For N.F.L. Seeking Specialists, an Army of Extras
By TREVOR PRYCE
This year's N.F.L. draft is full of elite prospects who have been the topic of constant debate since the college bowl season ended.
These annual debates help drive the draft process, because certain prospects thought to be the best of the best have bust written all over them. Dontari Poe, the defensive tackle from Memphis, and Justin Blackmon, the wide receiver from Oklahoma State, come to mind.
Then there are prospects who seem to have "future star" tattooed on their foreheads. Like Poe and Blackmon.
That high-risk, high-reward potential is why we love the draft. Who knows what players like Poe and Blackmon are going to be as pros? Nobody. If a team's instincts are right, Poe will be the N.F.L.'s next great pass rushing nose guard and Blackmon will be the next Larry Fitzgerald. If they get it wrong, they are Dewayne Robertson and Michael Crabtree.
But when was the last time you heard that debate about a linebacker or a running back? Not since LaVar Arrington (bust) and Adrian Peterson (most definitely not) has the issue been raised. And this year is no different.
Luke Kuechly, the linebacker/tackling machine from Boston College, and Trent Richardson, the tackle-breaking running back from Alabama, are two players most pundits are labeling "can't miss." Is it because of their combination of size and speed? Or because they performed well at the combine? Their intangibles?
It is because both are very good at playing positions that are increasingly devalued in today's N.F.L. Unless you are a quarterback, a guy who can stop the quarterback (defensive end) or a guy who protects the quarterback (left tackle), then really you are there for decoration. That can make things tricky for teams looking for the next pass rushing nose guard or All-Pro receiver. So if you are the Bills sitting at No. 10 and both Poe and Kuechly are still available, do you gamble on a boom-or-bust prospect or make a safer pick? The answer is, you roll the dice and take Poe.
That is because players like Kuechly and Richardson are going to make their living playing on first and maybe second down. Neither is likely to play much on third down, which is when many games are won and lost. Players like Poe and Blackmon will. Kuechly and Richardson are elite athletes who will play roughly 20 to 25 snaps a game, but being viewed as safe means that even if they are starters, they are going to spend plenty of time on the sideline.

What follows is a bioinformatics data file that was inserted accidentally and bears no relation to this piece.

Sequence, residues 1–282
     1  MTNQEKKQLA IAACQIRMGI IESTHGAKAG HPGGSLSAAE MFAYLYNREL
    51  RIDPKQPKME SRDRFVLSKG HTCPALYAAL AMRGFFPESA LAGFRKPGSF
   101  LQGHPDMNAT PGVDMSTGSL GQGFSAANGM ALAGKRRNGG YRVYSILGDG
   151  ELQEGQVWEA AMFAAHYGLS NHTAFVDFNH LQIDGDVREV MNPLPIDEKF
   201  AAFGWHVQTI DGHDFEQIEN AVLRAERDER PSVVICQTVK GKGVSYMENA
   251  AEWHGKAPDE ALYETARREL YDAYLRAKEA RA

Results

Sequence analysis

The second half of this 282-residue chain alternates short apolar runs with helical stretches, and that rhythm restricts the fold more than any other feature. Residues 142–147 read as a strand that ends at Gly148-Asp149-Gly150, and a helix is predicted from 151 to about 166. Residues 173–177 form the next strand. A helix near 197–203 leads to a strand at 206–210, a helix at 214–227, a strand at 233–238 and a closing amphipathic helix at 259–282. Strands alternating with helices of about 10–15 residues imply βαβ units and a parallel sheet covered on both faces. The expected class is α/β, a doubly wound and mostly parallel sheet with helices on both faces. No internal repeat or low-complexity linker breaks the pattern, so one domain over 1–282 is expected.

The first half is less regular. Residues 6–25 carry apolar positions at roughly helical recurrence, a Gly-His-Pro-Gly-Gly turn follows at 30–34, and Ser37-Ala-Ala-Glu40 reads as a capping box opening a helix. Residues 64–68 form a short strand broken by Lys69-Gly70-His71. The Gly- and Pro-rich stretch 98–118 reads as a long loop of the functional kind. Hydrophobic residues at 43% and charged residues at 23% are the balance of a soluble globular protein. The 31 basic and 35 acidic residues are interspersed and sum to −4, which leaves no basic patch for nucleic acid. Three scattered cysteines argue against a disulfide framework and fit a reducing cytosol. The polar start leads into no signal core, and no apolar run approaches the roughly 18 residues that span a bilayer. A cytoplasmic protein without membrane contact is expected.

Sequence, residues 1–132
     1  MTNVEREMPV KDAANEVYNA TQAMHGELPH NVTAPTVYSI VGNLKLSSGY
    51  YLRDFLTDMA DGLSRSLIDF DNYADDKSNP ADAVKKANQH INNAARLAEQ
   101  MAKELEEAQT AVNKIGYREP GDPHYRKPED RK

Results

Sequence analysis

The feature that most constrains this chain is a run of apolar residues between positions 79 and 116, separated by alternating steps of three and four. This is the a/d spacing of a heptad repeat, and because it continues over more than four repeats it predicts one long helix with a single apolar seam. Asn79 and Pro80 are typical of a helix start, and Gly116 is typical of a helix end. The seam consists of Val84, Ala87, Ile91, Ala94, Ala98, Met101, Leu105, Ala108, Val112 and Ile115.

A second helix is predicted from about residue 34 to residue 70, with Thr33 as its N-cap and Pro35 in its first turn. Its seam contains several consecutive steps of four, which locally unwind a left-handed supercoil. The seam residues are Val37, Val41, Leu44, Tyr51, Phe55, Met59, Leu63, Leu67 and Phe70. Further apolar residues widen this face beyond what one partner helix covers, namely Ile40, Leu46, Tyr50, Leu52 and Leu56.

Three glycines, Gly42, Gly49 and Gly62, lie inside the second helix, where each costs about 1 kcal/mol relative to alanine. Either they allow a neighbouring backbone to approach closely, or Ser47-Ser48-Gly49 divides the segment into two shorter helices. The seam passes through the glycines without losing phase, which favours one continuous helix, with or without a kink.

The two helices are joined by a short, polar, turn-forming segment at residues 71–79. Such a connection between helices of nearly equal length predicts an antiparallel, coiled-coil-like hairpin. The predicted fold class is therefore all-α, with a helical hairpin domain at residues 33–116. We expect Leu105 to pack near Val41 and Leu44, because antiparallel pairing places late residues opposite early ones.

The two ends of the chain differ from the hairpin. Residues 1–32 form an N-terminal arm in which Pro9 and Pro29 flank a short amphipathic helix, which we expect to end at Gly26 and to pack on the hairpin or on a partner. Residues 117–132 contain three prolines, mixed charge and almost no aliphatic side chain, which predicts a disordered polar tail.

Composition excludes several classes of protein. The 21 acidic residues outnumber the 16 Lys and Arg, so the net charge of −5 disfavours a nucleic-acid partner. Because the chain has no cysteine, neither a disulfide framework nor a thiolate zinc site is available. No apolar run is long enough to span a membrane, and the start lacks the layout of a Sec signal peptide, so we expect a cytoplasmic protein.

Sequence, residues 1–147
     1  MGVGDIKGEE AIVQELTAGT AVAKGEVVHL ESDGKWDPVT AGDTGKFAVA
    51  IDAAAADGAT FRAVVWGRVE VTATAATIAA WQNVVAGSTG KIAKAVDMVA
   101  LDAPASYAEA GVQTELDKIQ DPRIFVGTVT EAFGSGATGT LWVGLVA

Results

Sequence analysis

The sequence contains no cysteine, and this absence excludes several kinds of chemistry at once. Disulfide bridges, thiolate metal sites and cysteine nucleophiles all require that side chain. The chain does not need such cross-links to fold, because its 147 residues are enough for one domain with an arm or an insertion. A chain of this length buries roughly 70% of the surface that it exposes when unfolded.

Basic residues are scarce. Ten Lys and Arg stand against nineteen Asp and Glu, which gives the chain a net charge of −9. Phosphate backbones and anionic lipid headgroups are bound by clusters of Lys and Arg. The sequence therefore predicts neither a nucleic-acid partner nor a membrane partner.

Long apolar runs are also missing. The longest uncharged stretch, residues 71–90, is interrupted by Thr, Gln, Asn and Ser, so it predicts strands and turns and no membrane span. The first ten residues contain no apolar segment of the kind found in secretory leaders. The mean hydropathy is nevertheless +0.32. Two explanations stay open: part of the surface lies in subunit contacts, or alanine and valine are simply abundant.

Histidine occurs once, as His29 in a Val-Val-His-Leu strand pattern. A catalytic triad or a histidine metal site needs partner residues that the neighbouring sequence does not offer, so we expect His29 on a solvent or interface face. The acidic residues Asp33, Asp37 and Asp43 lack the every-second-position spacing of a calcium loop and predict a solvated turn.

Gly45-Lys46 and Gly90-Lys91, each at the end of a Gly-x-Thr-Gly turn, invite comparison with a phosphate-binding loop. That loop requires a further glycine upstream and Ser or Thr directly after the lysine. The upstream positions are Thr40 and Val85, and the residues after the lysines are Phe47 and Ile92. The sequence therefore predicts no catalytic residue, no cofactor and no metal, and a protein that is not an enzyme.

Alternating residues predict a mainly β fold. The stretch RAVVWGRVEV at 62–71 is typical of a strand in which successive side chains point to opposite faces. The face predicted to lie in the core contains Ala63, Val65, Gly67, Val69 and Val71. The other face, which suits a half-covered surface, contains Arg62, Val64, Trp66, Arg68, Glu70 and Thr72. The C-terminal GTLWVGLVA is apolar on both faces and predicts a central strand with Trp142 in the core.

When the spread offense began to dominate college football about a decade ago, it was intended to get big, 260-pound linebackers away from the line of scrimmage, so a team could run the ball up the middle for four yards. But as the spread offense started to evolve, it was no longer focused on merely fooling defenses, but on exploiting them.
Defenses had to adjust, and those 260-pound run-stoppers were suddenly asked to learn how to line up with their hand on the ground and rush the quarterback, and linebackers became 225-pound hybrids who could run with wide receivers, blitz when asked and make the occasional tackle on a running play.
When Florida State's linebackers started weighing 220 pounds, it was inevitable that the N.F.L. would soon follow the trend. Jordan Senn, who started seven games for the Carolina Panthers last season and is all of 5 feet 11 inches and 220 pounds, is just one example. There are more players like him than there are like Levon Kirkland, the nearly 300-pound behemoth who played linebacker for the Pittsburgh Steelers in the 1990s.
To be fair, Kuechly is a great prospect. But even at his peak, is he going to be seen as a game-changer? Probably not. That is because linebackers in today's N.F.L. are really tweeners. They are in between the important players. This excludes hybrids like the Steelers' James Harrison, who are linebackers in name only, but really smaller versions of pass-rushers like Julius Peppers. Today's game is about specialists. And unless a traditional linebacker is blitzing or covering Rob Gronkowski (which most of them are unable to do), they are not doing anything all that special.
So once Kuechly gets to the N.F.L., no matter how good he is, offensive coordinators will not lose sleep worrying about him. But that's O.K. They don't lose sleep over Ray Lewis or Brian Urlacher either, because with certain formations, they can get Urlacher replaced by a defensive back. At no point can they do that with a quick pass-rushing defensive end like Justin Tuck.
The player old-school fans really have to feel for Richardson.
Last season there were only 15 teams with 1,000-yard rushers. Eight of those teams had a back who barely surpassed the mark, which means they all had a back who averaged at least 62.5 yards a game. That is a stark contrast from even five years ago, when 23 teams had backs who ran for more than 1,000 yards.
It has reached a point where most teams don't even have a fullback; what used to be a change-of-pace back is now a fulltime back. That is because today's N.F.L. means changing the pace on every down.
So if you're pining for the days of Roger Craig slamming into Mike Singletary after three hard-earned yards, go play Tecmo Bowl. Today's version of Craig is streaking down the sideline as a wide receiver, and Singletary has been replaced by a kid who ran the 4x400 relay in high school.
Either way, sometime this fall, Kuechly and Richardson are going stare at each other from across the line of scrimmage on first down. If they collide, it will demonstrate the principles on which the N.F.L. was built.
Then it will be second-and-7, and both Kuechly and Richardson will trot to the sidelines, replaced by the smaller, more versatile players around whom the game is now built.
Welcome to the N.F.L., rookie.
Trevor Pryce, a former N.F.L player, is a producer and the author of "An Army of Frogs: A Kulipari Novel," to be published next spring.